Here's How America Is Honoring 9/11 Victims Today, Fourteen Years On
Friday marks the 14th anniversary of the Sept. 11 terrorist attacks — a quiet Tuesday morning in 2001 that soon became the largest attacks on U.S. soil in recent history. Around 9 a.m. on Friday morning, memorials and moments of silence were held at the World Trade Center in New York, where the famous Twin Towers once stood. Memorials also took place in the Washington, D.C. area, including at the Pentagon, where the hijacked American Airlines Flight 77 crashed into the massive building, killing 184 people in all. And in a field near Shanksville, Pa., mourners gathered to remember the passengers of United Airlines Flight 93, the plane believed to be bound for another U.S. landmark that was brought down by the brave passengers.
President Obama did not make any public statements on Friday, but he did post a short tweet Friday morning following the moment of silence. "14 years after the terrorist attacks of 9/11, we honor those we lost," Obama tweeted. "We salute all who serve to keep us safe. We stand as strong as ever."
Many politicians, including House Speaker John Boehner, released statements on Friday commemorating the 14th anniversary of the devastating terrorist attacks. "Like most Americans, I'll never forget where I was when I heard about the first plane on September 11," Boehner tweeted.
In Washington, D.C, Friday morning, President Obama and Michelle Obama led White House staffers outside on the front lawn to hold a moment of silence at 8:46 a.m. Following the moment of silence, a Marine Corps bugler played "Taps" as the Obamas held hands, according to The Hill.
Flags at the White House, the Capitol, and other federal building were also lowered to half-mast at 8:46 a.m.
At the Pentagon, located in Arlington, Va., a flag was raised early Friday morning on the side of the building where American Airlines Flight 77 struck. More than 100 Pentagon employees were killed on Sept. 11, 2001, when the hijacked jetliner crashed into the building.
Relatives of the victims gathered at the Pentagon memorial for a private service at 9:30 a.m. Friday morning. A moment of silence was held at 9:37 a.m., the exact moment when Flight 77 hit the building.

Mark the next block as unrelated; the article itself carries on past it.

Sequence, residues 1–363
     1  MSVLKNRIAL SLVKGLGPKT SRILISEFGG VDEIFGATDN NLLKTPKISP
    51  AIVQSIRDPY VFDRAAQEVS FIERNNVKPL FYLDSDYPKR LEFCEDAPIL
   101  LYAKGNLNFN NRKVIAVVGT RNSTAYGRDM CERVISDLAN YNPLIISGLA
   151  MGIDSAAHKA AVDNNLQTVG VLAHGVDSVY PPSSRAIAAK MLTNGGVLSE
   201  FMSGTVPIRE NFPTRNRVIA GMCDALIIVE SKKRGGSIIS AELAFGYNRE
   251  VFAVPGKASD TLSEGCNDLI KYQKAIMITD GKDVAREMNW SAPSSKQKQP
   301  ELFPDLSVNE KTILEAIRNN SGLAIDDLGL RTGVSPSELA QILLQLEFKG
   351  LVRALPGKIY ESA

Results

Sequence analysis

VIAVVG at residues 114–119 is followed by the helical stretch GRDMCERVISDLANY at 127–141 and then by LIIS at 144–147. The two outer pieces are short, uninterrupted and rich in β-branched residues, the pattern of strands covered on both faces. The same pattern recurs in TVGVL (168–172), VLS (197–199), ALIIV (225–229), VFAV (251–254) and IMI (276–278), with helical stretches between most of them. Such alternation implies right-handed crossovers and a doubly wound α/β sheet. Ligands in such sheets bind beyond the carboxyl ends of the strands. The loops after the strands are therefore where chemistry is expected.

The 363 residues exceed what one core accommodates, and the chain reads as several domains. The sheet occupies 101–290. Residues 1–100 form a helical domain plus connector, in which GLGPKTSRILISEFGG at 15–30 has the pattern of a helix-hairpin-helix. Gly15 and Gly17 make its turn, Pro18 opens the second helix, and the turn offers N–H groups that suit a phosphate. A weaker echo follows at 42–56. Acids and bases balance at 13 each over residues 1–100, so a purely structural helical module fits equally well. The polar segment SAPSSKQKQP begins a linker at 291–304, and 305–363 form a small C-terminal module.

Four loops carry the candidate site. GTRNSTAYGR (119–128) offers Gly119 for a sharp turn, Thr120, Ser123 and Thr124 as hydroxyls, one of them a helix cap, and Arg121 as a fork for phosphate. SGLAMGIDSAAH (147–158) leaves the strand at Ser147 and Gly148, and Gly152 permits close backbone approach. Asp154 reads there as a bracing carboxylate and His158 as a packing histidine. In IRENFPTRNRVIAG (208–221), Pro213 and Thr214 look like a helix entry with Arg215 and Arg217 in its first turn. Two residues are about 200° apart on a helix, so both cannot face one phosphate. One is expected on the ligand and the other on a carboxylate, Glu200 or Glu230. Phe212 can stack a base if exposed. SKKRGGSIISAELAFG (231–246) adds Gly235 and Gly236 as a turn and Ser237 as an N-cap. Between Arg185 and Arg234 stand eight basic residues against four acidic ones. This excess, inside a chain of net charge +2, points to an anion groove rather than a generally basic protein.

A moment of silence was also held at the Ronald Reagan Washington National Airport in Arlington County at 8:46 a.m. Friday.
The family of the victims of ill-fated United Flight 93 traveled to the field in Shanksville, Pa., Friday morning. A new memorial center and wall of names for United 93 just opened there on Thursday, when a separate dedicated honoring the victims was held.
But on Friday, mourners huddled under umbrellas for the 14th anniversary ceremony, during which the names of the 40 passengers and crew were read. Secretary of Homeland Security Jeh Johnson attended the ceremony, and delivered powerful remarks following the reading of the names and ringing of the bells to symbolize their loss.
“The passengers did the most American of things: They took a vote. They voted to fight back whatever the cost,” Johnson said.
New York City
Vice President Joe Biden, New York Gov. Andrew Cuomo, New Jersey Gov. Chris Christie, Mayor Bill de Blasio, Sen. Kirsten Gillibrand, and former New York Mayors Michael Bloomberg and Rudy Giuliani came together Friday morning to honor the victims at the World Trade Center, where the staggering Twin Towers once stood in lower Manhattan.
Giuliani, who was mayor of New York City at the time of the terrorist attack, told WPIX-TV, "The resiliency of New York is amazing. It's a defense against these terrorists who think they could crush us."
Early Friday afternoon, Biden and Cuomo will be joining the 9/11 Memorial Motorcycle Ride, which honors first responders. The ride departs from Jones Beach on Long Island and ends in New York City.
Meanwhile, Christie appeared on Fox News Friday morning and told a personal story about how he feared his wife, who was working near the World Trade Center, was missing hours after the attacks. "I was on the phone with her after the second plane hit," Christie said. "We went five-and-a-half hours without speaking to each other. … It was incredibly frightening."
Elsewhere around the United States on Friday, politicians such as 2016 GOP presidential candidate Jeb Bush and Maryland Gov. Larry Hogan attended smaller anniversary ceremonies. "We should all take time today to pay tribute to the victims of 9/11, their families & the troops who've kept us safe," Bush tweeted.